China to lead strong global demand for beef
April 7, 2014
by Meat&Poultry Staff
NEW YORK – Growing demand for beef in China will drive global markets during the first quarter of 2014 while tightening supplies of beef will keep prices high, according to a new report from Rabobank’s Food & Agribusiness Research team.
“Prospects for the global beef industry remains positive in Q2, with further possible upside due to continuing pressured beef supply and scarce supply of competing proteins which will continue to impact competitive positions,” noted Albert Vernooij, Rabobank analyst. “Brazilian cattle prices and exports have surged to record levels, and Australian droughts have encouraged historically high slaughter levels to meet global demand.”
Rabobank analysts noted that volatility is the biggest factor to impact the United States' market. Tight supplies of pork due to the spread of Porcine Epidemic Diarrhea virus could strengthen demand for beef during the spring and summer grilling seasons.
Slaughter levels of cattle are forecast to remain high in Australia, according to Rabobank. Strong international demand has supported record boxed beef exports in the first quarter. Additionally, a drier-than-normal period for Queensland and northern New South Wales has raised expectations of a continued high flow of cattle to markets.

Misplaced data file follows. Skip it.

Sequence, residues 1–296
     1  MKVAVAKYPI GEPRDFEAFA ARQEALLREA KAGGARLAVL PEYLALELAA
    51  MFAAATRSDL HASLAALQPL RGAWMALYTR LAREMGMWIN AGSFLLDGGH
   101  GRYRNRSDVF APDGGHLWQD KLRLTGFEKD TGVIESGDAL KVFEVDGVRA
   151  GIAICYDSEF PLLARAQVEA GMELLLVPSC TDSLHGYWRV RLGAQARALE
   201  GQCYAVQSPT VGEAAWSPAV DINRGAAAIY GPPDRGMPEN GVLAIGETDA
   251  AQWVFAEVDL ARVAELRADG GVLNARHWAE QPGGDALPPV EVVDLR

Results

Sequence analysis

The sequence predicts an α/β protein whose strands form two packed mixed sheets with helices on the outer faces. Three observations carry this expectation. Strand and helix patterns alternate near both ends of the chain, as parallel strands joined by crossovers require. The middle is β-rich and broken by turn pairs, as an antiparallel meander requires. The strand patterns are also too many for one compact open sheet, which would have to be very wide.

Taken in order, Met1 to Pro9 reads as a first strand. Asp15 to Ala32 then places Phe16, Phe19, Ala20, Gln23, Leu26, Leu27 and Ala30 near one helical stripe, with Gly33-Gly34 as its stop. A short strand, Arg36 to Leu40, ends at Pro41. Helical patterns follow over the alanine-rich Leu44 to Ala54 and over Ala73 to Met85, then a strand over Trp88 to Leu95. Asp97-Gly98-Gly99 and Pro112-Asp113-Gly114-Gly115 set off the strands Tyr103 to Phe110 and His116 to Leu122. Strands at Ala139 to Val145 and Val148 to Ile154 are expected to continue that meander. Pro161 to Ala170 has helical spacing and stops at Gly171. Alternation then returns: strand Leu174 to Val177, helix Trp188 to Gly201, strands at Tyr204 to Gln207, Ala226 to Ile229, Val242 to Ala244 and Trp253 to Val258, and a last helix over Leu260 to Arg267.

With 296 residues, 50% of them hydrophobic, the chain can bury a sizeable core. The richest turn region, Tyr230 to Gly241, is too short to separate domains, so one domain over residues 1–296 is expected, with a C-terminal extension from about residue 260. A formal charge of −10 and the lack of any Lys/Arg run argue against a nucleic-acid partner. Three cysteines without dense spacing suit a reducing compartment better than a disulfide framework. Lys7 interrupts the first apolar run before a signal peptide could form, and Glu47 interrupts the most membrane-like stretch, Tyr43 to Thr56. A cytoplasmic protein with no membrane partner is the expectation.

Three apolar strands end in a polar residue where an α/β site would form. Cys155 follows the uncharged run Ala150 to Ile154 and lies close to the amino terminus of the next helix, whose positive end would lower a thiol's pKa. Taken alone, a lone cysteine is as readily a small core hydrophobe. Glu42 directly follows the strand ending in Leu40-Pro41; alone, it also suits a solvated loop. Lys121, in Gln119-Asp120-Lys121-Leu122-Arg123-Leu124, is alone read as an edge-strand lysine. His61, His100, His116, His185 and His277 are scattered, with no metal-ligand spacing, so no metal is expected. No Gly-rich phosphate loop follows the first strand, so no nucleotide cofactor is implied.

Rabobank expects strong domestic and export demand for beef from Brazil. Cattle prices are likely to remain firm during the second quarter and beyond even during periods of adequate supply, Rabobank noted, as Brazil will host the World Cup, and presidential elections are upcoming. A continued depreciation of the US dollar will also support prices.
A high New Zealand dollar will offset gains from strong demand for beef from the US and China, Rabobank said.
Canada increased feed usage and higher cattle shipments to the US mean Canada is rapidly depleting their available cattle supply with limited interest in herd expansion, according to Rabobank.
Exports of beef from Argentina are expected to remain low as government limits on export markets continue, with the aim of keeping domestic meat prices low.
Farmers in China are unlikely to take advantage of government supported beef production expansion, Rabobank noted. This means ongoing shortages in China's domestic market will continue to support rising imports of frozen beef, with Australia remaining the biggest supplier. Australia accounted for 53 percent of total import volume in 2013.
Mexico’s beef markets will see tight margins into the second quarter of 2014 as beef and cattle prices remain high and lackluster consumption continues.
Beef prices are expected to hold firm in the European Union, Rabobank noted. Supply of cattle will remain stable while import growth will continue its steady increase of about 10 percent.